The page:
Gruinard Bay a place to visit Gruinard Bay has rocky coves and three stunning pink sandy beaches, the arms enclosing the bay are a static point to fine golden sand curves the east and the promontory of green stone point to the west, a beach of golden sand curves runs along side the road leading from Inverewe to Dundonnell, offering a rang of out door activities, historical properties to fantastic gardens and accommodation from Self catering, Bed and Breakfast, to Caravan and Camping.
- Gruinard Bay Longitude Geolocation 57.886326° Latitude N, -5.49466° E
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The area is very interesting from a geological viewpoint and many unusual stones can be found near the rocks and shoreline. The beach offers spectacular views and scenery of and the northern Highlands with spectacular views from the Torridon rocks, from the view point of Gruinard hill there are wonderful views across island studded waters to the mountain ranges of Coigach, An Teallach, Ben More and the hills of Sutherland.
The Gruinard and the little Gruinard river flow into the bay, with good salmon and sea trout fishing Sea-life cruises are available departing from Gairloch harbour and these will give you an instructional day out watching seals, dolphins and, whales, from Ullapool pier, you can find a variety of 2 to 4 hour cruises From Inverness in the east, Ullapool lies 60 miles west along the easy to drive A835 through stunning scenery, an hour’s drive with many places of interest and rest stops along the way. Gairloch lies 50 miles to the south along the scenic A832 passing by Loch Maree, Gruinard & Dundonnell lying at the feet of mighty An Teallach.
The road north leads to Achiltibuie is 20 miles away past the striking heights of Stac Polaidh & Suilven and sweeping along the beautiful beaches of Ardmair, Achnahaird & Achmelvich, drive further north to Lochinver, Scourie & Durnessto to reach the stunning north coast. Whilst every effort is made to ensure that the details on public transport are correct, these details do change depending on weather, up here the weather can change very quickly so safety is very important, especially for the ferry's, you need to check with the operators prior to travelling to ensure you have the correct information, contact details can be found online as not to be disappointed. The Island, Gruinard, just off the mainland, in Gruinard Bay, half way between Ullapool and Gairloch in the Highlands, was so contaminated that it was deemed out of bounds for almost 50 years.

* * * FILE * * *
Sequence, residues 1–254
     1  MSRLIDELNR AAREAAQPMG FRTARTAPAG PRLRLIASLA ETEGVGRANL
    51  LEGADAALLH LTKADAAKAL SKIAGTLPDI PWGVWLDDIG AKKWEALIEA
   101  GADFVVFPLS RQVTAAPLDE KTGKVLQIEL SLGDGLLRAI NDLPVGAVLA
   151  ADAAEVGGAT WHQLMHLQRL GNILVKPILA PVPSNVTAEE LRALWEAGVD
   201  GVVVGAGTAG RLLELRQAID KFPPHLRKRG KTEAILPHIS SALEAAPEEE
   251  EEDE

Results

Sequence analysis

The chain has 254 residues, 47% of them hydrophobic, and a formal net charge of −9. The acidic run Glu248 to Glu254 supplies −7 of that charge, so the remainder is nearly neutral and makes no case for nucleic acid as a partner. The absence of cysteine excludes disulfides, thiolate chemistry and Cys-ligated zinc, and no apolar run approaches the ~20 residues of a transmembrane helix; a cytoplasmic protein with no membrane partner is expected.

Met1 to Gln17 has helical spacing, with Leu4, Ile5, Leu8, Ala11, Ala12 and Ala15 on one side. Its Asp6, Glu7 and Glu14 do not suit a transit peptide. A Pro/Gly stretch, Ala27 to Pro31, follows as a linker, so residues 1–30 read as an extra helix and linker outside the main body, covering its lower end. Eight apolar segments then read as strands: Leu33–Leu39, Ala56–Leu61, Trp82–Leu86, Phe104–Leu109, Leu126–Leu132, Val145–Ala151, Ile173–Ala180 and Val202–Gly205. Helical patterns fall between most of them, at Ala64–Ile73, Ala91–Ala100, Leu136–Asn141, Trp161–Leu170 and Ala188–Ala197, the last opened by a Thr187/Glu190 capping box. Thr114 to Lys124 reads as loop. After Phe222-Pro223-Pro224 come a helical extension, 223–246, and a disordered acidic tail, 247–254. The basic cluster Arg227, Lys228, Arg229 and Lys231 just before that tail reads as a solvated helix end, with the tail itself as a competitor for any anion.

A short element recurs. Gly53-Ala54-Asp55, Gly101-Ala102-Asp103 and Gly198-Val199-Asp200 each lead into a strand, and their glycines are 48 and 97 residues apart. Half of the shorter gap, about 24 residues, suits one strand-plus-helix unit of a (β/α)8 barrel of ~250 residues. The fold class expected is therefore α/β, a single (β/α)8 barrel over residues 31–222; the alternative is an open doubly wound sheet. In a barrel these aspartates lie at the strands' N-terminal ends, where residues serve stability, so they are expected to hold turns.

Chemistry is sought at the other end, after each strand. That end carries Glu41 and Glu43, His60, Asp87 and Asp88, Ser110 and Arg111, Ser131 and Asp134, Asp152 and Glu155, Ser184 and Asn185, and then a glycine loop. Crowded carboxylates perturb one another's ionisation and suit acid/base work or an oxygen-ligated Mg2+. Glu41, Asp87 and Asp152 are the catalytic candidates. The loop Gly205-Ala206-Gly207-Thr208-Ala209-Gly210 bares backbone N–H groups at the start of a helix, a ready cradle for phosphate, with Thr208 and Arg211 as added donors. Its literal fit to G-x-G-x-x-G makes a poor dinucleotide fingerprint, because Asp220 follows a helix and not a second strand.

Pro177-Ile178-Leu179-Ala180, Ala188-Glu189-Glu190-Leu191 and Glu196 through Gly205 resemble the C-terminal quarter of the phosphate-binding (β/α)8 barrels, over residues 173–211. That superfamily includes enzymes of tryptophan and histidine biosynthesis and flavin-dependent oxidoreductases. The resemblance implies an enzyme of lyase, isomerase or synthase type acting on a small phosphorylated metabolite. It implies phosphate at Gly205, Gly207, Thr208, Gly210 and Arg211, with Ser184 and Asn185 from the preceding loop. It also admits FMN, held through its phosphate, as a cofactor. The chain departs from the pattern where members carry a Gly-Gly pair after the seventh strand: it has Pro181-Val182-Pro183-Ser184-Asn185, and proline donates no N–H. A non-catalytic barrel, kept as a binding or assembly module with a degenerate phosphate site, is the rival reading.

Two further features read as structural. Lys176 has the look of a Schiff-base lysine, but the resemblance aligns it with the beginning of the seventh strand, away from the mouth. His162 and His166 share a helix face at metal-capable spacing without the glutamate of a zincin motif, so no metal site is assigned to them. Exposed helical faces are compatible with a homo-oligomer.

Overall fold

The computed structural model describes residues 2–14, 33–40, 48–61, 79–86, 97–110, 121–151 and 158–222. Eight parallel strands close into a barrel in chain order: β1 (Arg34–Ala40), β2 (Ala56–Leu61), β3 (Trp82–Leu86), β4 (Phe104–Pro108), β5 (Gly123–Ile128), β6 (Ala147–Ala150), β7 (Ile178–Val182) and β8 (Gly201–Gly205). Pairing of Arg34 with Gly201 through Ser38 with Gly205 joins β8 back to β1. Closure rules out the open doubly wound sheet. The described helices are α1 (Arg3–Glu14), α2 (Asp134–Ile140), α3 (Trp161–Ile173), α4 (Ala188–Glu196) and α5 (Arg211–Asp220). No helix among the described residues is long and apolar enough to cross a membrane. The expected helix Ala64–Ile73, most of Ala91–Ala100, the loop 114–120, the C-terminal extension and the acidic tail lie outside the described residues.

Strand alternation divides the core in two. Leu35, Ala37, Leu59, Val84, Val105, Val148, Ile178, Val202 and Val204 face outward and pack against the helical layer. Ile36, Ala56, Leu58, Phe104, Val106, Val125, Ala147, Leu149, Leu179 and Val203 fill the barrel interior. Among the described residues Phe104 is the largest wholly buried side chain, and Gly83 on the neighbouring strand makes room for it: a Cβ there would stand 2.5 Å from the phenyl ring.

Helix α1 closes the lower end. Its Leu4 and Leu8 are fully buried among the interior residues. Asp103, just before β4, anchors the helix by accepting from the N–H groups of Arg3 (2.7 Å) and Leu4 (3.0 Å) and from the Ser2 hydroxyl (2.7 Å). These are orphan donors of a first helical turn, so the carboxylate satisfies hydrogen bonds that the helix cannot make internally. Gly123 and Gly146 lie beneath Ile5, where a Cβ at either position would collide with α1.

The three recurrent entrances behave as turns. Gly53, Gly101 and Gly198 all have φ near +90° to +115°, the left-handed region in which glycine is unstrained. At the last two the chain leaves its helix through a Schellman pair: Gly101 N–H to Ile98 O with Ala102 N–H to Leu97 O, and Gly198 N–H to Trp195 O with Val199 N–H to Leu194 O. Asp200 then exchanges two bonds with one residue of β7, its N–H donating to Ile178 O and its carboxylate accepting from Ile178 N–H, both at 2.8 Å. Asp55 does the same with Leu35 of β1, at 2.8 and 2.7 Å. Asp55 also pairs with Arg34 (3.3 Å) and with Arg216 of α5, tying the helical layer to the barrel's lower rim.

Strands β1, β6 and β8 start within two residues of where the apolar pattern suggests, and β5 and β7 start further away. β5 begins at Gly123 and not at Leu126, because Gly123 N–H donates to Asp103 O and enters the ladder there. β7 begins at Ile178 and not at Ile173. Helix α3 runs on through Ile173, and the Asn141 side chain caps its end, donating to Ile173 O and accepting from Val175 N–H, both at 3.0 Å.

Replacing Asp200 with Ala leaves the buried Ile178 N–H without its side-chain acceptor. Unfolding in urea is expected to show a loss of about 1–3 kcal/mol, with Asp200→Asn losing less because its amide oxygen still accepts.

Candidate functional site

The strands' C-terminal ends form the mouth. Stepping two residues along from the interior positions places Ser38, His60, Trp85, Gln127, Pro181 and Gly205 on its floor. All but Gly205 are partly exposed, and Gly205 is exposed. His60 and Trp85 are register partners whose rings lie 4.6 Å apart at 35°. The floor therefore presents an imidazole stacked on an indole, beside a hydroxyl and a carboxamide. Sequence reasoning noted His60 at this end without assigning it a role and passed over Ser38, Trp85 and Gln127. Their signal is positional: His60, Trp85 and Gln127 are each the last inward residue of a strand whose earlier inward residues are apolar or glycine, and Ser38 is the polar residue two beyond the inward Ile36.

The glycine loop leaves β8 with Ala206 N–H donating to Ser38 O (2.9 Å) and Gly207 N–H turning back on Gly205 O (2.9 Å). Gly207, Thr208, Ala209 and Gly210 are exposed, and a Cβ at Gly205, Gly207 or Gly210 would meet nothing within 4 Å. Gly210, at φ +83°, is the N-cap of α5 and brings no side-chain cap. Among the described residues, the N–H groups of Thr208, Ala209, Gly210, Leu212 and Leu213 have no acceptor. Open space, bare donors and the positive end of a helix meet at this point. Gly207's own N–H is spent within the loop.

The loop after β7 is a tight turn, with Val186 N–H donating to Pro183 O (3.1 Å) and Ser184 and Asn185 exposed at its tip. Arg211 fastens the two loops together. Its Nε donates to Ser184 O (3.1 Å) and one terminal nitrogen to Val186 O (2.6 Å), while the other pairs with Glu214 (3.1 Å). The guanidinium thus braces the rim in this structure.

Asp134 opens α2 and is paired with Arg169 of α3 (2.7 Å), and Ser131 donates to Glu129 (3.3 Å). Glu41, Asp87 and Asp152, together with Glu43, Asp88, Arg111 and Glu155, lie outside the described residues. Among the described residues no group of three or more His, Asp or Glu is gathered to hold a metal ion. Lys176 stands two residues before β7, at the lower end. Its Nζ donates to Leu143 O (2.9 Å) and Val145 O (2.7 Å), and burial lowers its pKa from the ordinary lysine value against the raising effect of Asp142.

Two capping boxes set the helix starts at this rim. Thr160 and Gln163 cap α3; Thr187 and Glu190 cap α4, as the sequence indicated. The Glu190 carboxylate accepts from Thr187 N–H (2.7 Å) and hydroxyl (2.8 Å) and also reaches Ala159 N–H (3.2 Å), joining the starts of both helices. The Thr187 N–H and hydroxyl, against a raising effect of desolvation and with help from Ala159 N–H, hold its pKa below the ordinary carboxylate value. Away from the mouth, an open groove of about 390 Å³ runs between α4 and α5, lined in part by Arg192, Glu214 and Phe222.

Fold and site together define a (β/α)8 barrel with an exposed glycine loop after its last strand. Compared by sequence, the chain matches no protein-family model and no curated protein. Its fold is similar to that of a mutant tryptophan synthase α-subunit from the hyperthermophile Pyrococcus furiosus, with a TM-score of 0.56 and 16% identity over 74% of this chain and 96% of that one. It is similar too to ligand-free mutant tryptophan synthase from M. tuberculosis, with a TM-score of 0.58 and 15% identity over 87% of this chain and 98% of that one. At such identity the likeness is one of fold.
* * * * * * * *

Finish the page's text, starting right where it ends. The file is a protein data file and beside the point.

The killing power of anthrax was demonstrated by British scientists during the Second World War when it was released on a tiny Scottish island to wipe out a flock of sheep. Anthrax is one of the best known agents of biological warfare and possibly one of the most feared. The Island was quarantined for 48 years In 1986 an English company was paid half a million pounds to decontaminate the 520 acre island by removing the top soil in sealed containers and by soaking the ground in 280 tonnes of formaldehyde diluted in 2000 tonnes of seawater, to prove that the clean-up was successful a flock of sheep was allowed to graze the island at the request of an independent watchdog set up by the Ministry of Defence. On 24 April, 1990, the then junior Defence Minister, Michael Neubert, made the half-mile journey from the mainland to declare Gruinard was safe by removing its red warning sign, but at that time the Glasgow Herald newspaper reported that a leading archaeologist was unconvinced by official assurances the land was safe.